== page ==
Welding Techniques

There are three main welding techniques:

MIG – MIG stands for metal inert gas and sometimes referred to as GMAW which stands for gas metal arc welding.  MIG is an automatic or semi-automatic process in which a current is connected to a wire to act as an electrode to join two pieces of metal. The wire is continuously fed through a welding gun at the same time as a flow of inert gas which acts like a shield to prevent any impurities from entering the weld. MIG is the quickest welding technique.

TIG – TIG stands for tungsten inert gas and sometimes referred to as GTAW.  GTAW stands for gas tungsten arc welding. TIG is a process where reactive metals are blended together to make welds of higher quality than other techniques. The arc is started with a tungsten electrode and it is shielded by inert gas being fed into the weld separately.

STICK – STICK stands for shielded metal arc welding and is the most basic of the techniques making it the easiest way to join most metals. The weld is created by an arc that is struck between the electrode and the target which creates a weld pool and produces slag which must later be chipped off. The electrodes have a protective coating which protects the weld and ensures purity and strength.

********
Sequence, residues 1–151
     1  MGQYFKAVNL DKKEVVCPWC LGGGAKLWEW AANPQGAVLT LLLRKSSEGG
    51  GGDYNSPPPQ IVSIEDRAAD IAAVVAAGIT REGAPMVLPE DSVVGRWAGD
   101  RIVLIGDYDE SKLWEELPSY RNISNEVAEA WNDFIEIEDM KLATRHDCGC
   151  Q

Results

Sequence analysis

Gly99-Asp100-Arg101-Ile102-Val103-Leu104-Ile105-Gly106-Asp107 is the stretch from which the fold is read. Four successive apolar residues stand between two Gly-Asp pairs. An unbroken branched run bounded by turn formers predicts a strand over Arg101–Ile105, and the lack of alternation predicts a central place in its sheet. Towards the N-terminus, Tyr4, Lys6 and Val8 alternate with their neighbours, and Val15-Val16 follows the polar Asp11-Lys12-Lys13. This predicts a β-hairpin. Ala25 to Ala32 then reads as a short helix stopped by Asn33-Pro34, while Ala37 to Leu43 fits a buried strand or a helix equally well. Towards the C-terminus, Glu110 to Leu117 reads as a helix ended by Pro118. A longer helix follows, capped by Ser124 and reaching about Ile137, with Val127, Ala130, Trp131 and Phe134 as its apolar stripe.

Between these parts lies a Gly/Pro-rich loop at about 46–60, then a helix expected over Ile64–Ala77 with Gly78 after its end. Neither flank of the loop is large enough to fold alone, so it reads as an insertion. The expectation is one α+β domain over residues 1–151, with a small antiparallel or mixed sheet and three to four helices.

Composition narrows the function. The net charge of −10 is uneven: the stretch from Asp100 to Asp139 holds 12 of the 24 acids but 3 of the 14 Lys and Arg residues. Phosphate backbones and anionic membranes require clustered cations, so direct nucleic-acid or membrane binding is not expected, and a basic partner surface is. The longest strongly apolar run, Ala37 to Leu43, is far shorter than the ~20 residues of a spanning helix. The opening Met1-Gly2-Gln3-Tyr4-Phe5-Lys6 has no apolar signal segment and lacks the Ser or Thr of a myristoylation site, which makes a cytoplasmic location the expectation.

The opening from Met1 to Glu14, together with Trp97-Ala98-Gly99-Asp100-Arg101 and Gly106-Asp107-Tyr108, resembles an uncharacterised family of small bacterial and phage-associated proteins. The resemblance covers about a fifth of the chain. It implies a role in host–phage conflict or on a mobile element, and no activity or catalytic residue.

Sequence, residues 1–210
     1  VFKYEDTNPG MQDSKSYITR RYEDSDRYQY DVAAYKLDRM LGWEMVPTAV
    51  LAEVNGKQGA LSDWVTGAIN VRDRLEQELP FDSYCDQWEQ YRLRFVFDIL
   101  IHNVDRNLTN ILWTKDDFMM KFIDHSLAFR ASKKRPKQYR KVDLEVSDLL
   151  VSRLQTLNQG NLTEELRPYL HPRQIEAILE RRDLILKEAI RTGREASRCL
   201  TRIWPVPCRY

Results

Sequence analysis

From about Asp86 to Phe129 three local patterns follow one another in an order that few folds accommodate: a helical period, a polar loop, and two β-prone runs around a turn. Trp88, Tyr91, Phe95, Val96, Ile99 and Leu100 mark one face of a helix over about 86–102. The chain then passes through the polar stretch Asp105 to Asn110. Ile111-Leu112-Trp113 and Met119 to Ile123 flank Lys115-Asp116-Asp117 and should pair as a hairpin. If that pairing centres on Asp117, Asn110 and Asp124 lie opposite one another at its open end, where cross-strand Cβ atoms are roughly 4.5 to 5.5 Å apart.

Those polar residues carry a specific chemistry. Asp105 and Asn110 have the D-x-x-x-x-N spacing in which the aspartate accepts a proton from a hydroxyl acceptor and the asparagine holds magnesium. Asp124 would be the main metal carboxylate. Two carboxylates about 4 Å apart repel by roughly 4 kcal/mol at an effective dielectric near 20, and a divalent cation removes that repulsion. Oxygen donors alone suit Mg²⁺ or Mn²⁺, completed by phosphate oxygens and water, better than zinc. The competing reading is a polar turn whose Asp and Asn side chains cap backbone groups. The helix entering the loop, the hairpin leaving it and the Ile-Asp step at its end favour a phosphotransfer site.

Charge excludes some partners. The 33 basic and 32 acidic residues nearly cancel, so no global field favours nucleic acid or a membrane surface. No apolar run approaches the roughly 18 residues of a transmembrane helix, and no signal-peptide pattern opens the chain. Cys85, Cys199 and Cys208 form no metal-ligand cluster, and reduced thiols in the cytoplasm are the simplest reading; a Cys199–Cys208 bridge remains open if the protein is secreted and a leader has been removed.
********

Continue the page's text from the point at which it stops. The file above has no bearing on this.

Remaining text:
BIOWELDING – BIOWELDING is a part of a process called Biomanufacturing. Biomanufacturing is the production of biological products using living cells and is primarily used to produce enzymes, vaccines, amino acids, vitamins and more. Biomanufacturing is also in the process of testing new ways to use biological ingredients to make alternative fuels and plastics. Biowelding is the repair and maintenance of the equipment and tools vital to the success of biomanufacturing. Biowelding requires the welds to be performed in a clean room where it can be conducted without contaminants which adds strength and quality.